One of the main barometers that gives me a good indication of the quality of the pub I’m drinking in is whether there’s a solid range of canned beers on show in its fridges. Canned beer has well and truly boomed in the past year here in the UK, with breweries like Roosters, Brewdog, and Fourpure really starting to focus their efforts towards producing quality products to rival that of their US brethren. While there is still something so bloody exciting about seeing a pint can of Sierra Nevada Torpedo in a pub’s fridge, there’s something perhaps even better about seeing home-grown products stacked alongside it.
Beavertown Brewery have become synonymous with canned beer in Britain – helped in part by the fact that said cans are perhaps the most delicious looking as well as tasting.
Definitely a testament to Beavertown taking the UK beer market by storm of late is that, it seems like there’s more and more places these days that have their cans on display in establishments you definitely wouldn’t have seen stocking anything but cans of Red Stripe this time last year.
Beavertown been producing unfathomably good beer since 2011 and have continually had to increase capacity to keep up with the huge demand from both here and abroad.
Working for Mitchells and Butlers I’ve found myself drinking an awful lot of Neck Oil and Gamma Ray in recent months, due to both being involved in the seasonal rotation of draught beers in all Castle pubs up and down the country. Their core range are beers you could never tire or drinking and their Alpha series consistently sees them pushing the envelope with their flavours – from the Earl Phantom, an earl grey hopped Berliner Weisse, to their Power of the Voodoo triple IPA in collaboration with Boneyard Beer from Oregan.
A limited number of their latest canned creations were on offer at their tap takeover at Cotteridge Wines and Spirits earlier in the month, celebrating the 20th anniversary of the best beer shop in the UK. I was lucky enough to nab myself a ticket through our resident MAB beer Sommelier Richard Yarnell and the kind folks at Cotteridge.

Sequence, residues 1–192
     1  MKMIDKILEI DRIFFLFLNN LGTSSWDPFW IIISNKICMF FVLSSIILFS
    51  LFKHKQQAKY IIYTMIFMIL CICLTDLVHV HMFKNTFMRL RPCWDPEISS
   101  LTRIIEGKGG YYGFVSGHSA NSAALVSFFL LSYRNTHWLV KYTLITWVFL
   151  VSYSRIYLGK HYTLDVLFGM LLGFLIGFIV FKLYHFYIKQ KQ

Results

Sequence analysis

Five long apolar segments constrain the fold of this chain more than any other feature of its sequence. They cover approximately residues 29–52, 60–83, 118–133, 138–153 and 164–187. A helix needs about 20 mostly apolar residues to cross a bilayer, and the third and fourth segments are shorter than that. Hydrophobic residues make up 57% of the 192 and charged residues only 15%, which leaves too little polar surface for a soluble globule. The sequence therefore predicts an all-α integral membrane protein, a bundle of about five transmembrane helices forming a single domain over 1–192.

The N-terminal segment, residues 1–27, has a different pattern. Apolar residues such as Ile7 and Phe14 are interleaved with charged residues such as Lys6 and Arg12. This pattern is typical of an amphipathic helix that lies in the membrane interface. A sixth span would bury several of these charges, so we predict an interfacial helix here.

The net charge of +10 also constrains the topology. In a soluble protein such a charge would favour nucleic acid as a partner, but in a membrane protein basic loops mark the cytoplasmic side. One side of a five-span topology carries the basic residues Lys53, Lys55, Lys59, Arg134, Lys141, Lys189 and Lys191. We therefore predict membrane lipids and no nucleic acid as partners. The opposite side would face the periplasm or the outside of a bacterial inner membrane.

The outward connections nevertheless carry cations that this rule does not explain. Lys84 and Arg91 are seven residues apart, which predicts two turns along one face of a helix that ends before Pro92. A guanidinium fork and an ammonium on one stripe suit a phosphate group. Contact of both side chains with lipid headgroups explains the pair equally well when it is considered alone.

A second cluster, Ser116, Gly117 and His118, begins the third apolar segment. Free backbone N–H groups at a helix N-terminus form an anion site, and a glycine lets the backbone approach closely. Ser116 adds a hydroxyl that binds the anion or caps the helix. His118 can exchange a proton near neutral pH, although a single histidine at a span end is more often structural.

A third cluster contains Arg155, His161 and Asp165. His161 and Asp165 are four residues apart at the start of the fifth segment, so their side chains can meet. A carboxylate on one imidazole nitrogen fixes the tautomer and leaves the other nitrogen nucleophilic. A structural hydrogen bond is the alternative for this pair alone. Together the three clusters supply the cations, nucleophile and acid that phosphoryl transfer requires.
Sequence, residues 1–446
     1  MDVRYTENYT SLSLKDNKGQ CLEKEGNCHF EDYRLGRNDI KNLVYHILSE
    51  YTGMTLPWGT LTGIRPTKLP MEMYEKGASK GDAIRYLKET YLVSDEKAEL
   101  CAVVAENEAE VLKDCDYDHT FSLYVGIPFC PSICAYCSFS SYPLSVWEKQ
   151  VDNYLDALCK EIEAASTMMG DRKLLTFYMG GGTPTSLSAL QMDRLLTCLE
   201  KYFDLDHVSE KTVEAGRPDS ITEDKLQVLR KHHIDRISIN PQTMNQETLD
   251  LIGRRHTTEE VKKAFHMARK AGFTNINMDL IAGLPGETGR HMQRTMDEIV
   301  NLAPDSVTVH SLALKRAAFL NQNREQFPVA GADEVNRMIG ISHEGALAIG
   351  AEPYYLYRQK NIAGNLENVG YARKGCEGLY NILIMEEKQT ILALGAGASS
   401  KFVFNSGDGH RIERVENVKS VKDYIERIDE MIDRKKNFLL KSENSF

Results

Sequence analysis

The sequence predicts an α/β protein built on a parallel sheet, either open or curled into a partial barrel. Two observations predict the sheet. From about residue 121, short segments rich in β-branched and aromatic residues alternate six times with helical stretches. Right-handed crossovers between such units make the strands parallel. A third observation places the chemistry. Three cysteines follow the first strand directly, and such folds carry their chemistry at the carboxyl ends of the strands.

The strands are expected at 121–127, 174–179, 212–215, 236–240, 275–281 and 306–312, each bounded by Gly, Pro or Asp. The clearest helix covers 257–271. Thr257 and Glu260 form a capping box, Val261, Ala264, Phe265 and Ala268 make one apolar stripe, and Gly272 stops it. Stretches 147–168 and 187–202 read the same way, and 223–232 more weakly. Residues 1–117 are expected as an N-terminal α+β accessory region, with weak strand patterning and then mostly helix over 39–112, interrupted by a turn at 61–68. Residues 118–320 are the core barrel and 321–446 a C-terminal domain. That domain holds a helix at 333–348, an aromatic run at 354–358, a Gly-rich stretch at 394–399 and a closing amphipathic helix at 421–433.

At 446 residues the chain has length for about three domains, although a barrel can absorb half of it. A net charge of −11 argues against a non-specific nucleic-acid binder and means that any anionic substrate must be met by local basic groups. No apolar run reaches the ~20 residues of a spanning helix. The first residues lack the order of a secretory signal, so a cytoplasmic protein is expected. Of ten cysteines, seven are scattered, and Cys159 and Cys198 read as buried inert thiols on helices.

Unveiling their Lemon Phantom, a lemon infused Berliner Weisse, and the Yuzilla Phantom, a Yuzu and dried lime Berliner Weisse – both of which did not last very long at all – head honcho Logan Plant and the Beavertown boys came with an ample supply of the brewery’s favourite beers to appease the punters in the shop’s backroom and newly converted outside area, including their No.11 pale ale that they’d brewed in collaboration with Cotteridge.
The amount of people who turned out for this event on a Tuesday night in the backwaters of the city is a good indicator of how highly thought of Beavertown are. They are undoubtedly the darlings of UK craft beer at present and with quality liquids, housed in attractive vessels and a charismatic leader in Logan at the helm, it’s difficult to see their momentum slowing any time soon.
A lot of familiar faces from the Birmingham beer scene, drank quickly to sample as much of the fresh beer as possible and, like me, went on to spend probably more money than they should have in the shop on their way home.
As well as trying my first ever can of Pizza Port IPA, I also discovered that Cloudwater, despite everything I’ve tried so far being top notch, can indeed make a bad beer. I’m not sure if I should take solace in the fact that their Old Garde collaboration with Burning Sky tastes like my last homebrew or not…